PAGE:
Collaboration is also about learning together. The way that we talk about failure on our teams in particular, has really large impacts on whether everyone on our team feels safe. High performing teams focus on collaboration and identifying problems and solutions together, instead of assigning blame or pointing fingers.
“This is also why it’s so important to keep post mortems blameless and to hold regular retrospectives to discuss how we work together. Part of learning is also being open about what we don’t know. One of the engineers I currently work with does this really well. They’re really experienced engineer with deep knowledge. And they will frequently ask questions in public channels, like saying, I don’t know how this works, Can someone help me with this? They also make a habit of sharing new findings and learnings.”
Building teams is never done. All of us constantly grow, evolve and the organisations that we’re in grow and evolve as well. Lena shares: “Systems of humans are ever evolving and full of surprises, which is one of the main reasons why I love working with people so much. building our teams is something continuous that we need to do every single day. We need to continuously learn and grow together.”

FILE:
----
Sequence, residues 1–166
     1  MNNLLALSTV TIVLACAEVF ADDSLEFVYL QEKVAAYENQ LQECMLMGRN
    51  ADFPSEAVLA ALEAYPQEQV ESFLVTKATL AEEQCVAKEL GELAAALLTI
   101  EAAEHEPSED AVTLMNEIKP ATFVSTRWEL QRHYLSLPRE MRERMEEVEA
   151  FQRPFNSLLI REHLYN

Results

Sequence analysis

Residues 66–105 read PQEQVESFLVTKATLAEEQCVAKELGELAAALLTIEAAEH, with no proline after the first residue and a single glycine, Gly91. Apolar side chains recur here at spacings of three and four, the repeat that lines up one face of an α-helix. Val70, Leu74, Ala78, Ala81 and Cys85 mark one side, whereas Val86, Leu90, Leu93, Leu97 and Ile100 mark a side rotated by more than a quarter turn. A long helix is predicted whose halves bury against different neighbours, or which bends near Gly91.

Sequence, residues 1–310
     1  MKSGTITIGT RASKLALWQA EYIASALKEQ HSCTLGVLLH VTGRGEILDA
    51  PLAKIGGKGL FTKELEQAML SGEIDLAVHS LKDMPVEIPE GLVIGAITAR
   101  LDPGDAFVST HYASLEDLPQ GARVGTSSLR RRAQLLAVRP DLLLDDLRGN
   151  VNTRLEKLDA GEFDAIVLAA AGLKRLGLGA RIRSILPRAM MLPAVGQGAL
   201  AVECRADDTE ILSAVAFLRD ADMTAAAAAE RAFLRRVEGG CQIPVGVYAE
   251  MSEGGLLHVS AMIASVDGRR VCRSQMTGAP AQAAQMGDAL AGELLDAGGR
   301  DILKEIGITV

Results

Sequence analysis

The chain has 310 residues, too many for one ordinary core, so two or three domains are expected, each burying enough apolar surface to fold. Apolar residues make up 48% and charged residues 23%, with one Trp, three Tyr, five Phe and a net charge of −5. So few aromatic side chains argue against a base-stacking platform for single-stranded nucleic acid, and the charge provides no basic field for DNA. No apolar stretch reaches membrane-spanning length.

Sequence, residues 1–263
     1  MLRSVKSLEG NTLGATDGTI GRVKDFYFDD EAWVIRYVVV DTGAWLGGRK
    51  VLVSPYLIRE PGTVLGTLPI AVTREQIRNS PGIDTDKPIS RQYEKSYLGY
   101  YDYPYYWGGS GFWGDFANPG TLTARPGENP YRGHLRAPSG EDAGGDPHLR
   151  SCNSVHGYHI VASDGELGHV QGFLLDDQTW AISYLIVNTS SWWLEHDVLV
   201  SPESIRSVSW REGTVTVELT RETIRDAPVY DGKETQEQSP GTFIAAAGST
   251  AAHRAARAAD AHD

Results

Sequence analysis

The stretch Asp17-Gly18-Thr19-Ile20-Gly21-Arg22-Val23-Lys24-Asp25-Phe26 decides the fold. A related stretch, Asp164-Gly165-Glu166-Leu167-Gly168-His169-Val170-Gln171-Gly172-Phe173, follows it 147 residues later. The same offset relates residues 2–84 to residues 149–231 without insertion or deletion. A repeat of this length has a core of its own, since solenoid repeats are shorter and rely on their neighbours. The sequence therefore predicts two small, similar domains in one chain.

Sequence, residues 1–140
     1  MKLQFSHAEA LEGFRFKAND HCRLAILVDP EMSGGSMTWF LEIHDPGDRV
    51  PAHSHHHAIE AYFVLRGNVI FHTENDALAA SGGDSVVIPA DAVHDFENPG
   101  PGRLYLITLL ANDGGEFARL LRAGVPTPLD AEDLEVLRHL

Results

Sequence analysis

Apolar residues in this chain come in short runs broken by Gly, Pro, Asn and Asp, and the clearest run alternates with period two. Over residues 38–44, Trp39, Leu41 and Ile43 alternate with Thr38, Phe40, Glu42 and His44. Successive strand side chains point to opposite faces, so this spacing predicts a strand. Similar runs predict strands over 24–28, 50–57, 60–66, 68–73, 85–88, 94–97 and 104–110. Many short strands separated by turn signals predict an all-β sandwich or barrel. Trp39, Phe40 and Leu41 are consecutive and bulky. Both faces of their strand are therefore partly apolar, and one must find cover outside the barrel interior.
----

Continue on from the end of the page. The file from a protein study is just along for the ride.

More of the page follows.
So no matter where you are on your team, and no matter if your teammates sit across the table or across an ocean from you, focus on strong connection, intentional collaboration and conscious communication. And continue building your team every single day if one small action and one pixel at a time.
Looking for more team building insights?
If you want to learn more about team building and remote working, check out the following articles on Codemotion Magazine:
- Making remote work: We look at the benefits of remote work and why developer teams should be remote work first
- Why Remote Work Is the New Normal for Devs
- The Importance of Leadership In Developer Teams
- How to foster effective distributed teams
We also have our upcoming Codemotion Online Conference on October 20–22nd. We’ll gather all IT professionals with different backgrounds and levels of experience providing them with technical excellence, cutting-edge technologies as well as hands-on activities, best practices & case studies. Get your ticket today!
You can read the orginal version of this article at Codemotion.com, where you will find more related contents. https://www.codemotion.com/magazine/articles/events/building-connectivity-amongst-remote-teams/